The term Public Domain refers to materials that are not protected by intellectual property laws such as copyright, trademark, or patent laws. The public owns these works, not an individual author or artist. Anyone can use a public domain work without obtaining permission, but no one can ever own it." Stim (2000). Most works of the Federal government are automatically in the Public Domain.
Stim, R. (2000) Getting Permission: How to License and Clear Copyrighted Materials Online & Off.
For Federal Government public domain materials you can search in the departments and agencies websites.
The USA.gov website has an image/photo search tool that searches many agencies at once.
Google's advanced search http://www.google.com/advanced_search and advanced video search http://video.google.com/videoadvancedsearch results can be limited to government materials by entering .gov in the domain box.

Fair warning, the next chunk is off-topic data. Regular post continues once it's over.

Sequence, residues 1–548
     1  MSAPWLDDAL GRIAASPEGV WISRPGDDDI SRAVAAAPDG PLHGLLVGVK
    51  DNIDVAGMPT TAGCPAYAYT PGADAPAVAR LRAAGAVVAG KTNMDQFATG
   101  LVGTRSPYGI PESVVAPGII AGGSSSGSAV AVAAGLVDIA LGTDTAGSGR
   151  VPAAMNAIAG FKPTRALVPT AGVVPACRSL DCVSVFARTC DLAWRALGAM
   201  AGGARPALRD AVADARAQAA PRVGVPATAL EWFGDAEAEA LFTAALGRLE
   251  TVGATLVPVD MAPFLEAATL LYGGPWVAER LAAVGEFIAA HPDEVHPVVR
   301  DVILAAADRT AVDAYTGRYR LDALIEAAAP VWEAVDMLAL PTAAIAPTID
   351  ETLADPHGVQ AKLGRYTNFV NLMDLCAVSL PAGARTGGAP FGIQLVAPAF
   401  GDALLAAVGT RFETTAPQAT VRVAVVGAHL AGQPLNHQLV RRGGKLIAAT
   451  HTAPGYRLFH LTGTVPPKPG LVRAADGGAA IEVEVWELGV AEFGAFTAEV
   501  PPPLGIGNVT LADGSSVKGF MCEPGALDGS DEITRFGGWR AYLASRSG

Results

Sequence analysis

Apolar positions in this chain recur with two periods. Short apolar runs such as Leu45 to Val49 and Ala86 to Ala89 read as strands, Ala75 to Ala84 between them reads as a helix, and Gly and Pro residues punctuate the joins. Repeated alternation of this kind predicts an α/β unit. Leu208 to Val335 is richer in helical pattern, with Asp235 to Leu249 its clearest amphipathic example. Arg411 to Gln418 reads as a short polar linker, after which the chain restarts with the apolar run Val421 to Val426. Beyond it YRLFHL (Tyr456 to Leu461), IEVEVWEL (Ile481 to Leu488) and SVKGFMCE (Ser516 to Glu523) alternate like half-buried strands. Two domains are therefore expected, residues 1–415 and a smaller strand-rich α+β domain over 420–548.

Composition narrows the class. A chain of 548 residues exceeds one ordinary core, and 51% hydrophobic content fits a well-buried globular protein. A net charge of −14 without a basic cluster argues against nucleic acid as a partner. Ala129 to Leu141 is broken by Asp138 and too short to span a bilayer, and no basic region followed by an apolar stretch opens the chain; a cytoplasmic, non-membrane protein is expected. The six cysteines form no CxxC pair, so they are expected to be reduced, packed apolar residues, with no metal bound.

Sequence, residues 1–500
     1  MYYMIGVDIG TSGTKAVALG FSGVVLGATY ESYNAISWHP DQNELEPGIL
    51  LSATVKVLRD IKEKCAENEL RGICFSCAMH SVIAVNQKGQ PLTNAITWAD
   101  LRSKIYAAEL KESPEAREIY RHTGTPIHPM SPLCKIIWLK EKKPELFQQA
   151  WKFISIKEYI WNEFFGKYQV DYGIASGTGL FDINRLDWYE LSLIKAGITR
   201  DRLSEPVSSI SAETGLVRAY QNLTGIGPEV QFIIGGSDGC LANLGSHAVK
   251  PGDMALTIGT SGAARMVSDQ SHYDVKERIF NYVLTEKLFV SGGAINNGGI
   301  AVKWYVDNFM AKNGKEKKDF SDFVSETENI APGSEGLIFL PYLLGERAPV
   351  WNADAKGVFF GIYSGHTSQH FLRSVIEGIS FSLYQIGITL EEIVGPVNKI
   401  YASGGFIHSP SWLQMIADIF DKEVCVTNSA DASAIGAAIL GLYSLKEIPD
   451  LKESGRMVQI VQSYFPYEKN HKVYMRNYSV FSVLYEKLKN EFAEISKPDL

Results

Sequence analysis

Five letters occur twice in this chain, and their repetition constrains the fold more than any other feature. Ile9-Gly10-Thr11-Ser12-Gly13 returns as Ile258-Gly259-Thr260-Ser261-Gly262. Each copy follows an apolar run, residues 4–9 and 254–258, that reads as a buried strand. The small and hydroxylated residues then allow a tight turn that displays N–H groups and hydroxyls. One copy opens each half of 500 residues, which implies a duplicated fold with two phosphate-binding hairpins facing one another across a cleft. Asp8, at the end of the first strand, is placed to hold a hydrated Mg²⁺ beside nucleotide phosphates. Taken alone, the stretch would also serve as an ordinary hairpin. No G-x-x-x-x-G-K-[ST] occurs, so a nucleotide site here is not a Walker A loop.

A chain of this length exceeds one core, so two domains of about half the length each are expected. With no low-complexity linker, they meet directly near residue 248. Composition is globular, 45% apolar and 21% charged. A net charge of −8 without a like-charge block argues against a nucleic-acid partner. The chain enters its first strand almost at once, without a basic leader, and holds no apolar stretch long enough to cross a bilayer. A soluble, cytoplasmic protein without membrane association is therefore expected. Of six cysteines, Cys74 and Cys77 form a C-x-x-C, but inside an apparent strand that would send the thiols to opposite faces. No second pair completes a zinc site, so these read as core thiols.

The National Science Digital Library is a rich site for math, science, and engineering.
Library of Congress is rich in materials for those in the humanities.
(1) Digital Collections and Services: http://www.loc.gov/library/libarch-digital.html
(2) American Memory has more than 9 million items related to US history online, according to Stephen Fishman (2012):
(3) Motion Pictures in American Memory http://memory.loc.gov/ammem/browse/ListSome.php?format=Motion+PictureMotion
(4) Picture, Television Reading Room http://www.loc.gov/rr/mopic/
For more information about Public Domain materials, a highty recommended source is Stephen Fishman's book, "The Public Domain," published by Nolo Press. The Meriam Library has the 5th edition (2010). http://opac.csuchico.edu/record=b1926657~S5 Fishman has constructed a webpage with links at: http://copyrightfree.blogspot.com/